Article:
But of course it is only intelligent life on other planets that people are referring to when they talk about "aliens" and their physics-defying uber technology that allows them to traverse impossible distances across the universe. It is interesting that most who believe in aliens also typically believe that they are superior to mankind in both intelligence and technology. This should be pretty alarming for a Bible-believing Christian as this soundly contradicts scripture which states that man is the pinnacle of creation, only surpassed in glory (for now) by the angels.
When I consider Your heavens, the work of Your fingers, The moon and the stars, which You have ordained; What is man that You take thought of him, And the son of man that You care for him? Yet You have made him a little lower than God, And You crown him with glory and majesty! You make him to rule over the works of Your hands; You have put all things under his feet. -Psa 8:3-6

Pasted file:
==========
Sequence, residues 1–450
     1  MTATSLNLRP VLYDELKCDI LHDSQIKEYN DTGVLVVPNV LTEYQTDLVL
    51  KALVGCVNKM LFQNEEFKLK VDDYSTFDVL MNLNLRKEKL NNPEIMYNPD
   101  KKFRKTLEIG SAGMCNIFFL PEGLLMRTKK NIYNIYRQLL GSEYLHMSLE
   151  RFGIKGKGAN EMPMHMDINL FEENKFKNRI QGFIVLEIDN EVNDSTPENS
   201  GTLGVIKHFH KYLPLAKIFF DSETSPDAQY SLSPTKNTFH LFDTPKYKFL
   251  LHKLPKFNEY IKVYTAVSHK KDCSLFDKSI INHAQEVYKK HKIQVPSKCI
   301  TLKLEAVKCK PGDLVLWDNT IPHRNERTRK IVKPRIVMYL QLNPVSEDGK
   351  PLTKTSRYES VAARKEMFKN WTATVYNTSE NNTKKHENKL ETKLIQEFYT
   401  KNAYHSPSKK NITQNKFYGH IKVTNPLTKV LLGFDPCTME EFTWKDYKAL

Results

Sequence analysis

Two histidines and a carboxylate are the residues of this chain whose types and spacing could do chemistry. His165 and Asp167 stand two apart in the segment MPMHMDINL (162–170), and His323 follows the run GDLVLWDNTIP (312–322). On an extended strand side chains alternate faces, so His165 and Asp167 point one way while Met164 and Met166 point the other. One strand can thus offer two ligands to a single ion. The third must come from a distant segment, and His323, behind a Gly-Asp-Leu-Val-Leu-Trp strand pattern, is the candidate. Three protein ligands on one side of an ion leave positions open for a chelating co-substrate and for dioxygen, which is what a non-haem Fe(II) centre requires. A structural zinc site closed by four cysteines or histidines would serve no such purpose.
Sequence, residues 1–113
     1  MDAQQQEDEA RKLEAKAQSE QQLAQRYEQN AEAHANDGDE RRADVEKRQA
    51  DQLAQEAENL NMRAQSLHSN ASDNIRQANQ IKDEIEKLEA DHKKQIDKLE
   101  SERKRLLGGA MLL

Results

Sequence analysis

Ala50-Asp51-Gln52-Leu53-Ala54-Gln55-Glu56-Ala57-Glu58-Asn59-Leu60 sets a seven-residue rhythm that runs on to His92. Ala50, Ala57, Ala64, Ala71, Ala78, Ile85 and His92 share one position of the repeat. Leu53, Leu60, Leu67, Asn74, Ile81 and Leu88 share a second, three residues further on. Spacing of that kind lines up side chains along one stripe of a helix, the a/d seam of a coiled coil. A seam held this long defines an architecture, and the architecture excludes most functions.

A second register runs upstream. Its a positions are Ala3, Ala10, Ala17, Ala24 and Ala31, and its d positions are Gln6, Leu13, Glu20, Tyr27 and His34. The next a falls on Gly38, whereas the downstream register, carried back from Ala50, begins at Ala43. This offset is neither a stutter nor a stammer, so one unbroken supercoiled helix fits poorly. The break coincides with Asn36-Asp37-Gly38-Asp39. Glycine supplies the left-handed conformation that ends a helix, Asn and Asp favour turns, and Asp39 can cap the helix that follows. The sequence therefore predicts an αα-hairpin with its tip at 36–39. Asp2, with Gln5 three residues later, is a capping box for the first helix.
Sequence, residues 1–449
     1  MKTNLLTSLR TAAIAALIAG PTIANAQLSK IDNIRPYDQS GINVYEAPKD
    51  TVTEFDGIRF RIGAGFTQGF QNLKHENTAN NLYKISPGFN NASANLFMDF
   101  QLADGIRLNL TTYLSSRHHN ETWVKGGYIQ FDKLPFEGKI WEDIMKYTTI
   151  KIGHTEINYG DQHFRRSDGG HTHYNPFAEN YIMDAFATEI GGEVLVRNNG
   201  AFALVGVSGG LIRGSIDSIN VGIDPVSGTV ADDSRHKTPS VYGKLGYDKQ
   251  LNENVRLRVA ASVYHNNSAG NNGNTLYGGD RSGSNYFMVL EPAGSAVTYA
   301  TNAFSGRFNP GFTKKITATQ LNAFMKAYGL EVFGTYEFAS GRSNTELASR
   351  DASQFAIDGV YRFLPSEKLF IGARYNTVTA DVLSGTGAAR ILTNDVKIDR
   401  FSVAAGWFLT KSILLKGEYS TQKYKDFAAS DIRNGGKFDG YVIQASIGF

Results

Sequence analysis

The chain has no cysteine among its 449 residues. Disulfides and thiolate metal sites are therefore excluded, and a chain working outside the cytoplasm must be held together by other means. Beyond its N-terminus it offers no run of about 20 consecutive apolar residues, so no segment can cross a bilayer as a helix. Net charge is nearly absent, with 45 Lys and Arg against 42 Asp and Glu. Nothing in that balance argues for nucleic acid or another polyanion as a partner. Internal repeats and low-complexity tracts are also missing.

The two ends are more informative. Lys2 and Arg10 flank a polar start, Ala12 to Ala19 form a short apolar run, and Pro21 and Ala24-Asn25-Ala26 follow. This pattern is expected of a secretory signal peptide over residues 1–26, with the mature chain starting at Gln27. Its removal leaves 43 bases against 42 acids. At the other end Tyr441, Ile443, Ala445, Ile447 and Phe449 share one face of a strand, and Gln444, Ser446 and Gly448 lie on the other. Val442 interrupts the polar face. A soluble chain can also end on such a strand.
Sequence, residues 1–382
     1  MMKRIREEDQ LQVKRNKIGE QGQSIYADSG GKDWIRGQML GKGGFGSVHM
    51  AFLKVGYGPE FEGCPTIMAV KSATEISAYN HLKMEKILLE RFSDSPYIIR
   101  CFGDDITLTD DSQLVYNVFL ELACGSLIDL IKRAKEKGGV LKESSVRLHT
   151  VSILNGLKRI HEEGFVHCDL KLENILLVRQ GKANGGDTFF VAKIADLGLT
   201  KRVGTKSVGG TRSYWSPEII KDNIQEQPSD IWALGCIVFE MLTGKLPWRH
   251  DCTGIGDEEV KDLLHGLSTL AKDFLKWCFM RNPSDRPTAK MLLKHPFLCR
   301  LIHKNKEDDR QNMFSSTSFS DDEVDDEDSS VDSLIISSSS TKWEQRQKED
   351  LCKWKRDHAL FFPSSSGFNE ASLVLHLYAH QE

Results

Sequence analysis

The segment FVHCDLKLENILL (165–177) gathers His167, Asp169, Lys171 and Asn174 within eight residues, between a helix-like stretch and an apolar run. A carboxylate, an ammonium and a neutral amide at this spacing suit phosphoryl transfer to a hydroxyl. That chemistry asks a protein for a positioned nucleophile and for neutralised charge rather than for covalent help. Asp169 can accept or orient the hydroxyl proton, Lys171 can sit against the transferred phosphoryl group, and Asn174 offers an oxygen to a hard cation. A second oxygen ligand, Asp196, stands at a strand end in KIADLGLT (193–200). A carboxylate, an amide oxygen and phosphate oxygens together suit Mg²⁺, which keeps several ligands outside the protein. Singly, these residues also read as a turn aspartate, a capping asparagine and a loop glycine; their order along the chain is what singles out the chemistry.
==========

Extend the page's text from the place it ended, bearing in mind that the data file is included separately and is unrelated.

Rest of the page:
For He did not subject to angels the world to come, concerning which we are speaking. But one has testified somewhere, saying, "WHAT IS MAN, THAT YOU REMEMBER HIM? OR THE SON OF MAN, THAT YOU ARE CONCERNED ABOUT HIM? YOU HAVE MADE HIM FOR A LITTLE WHILE LOWER THAN THE ANGELS; YOU HAVE CROWNED HIM WITH GLORY AND HONOR, AND HAVE APPOINTED HIM OVER THE WORKS OF YOUR HANDS; YOU HAVE PUT ALL THINGS IN SUBJECTION UNDER HIS FEET." For in subjecting all things to him, He left nothing that is not subject to him. But now we do not yet see all things subjected to him. -Heb 2:5-8
The Origin of Alien Life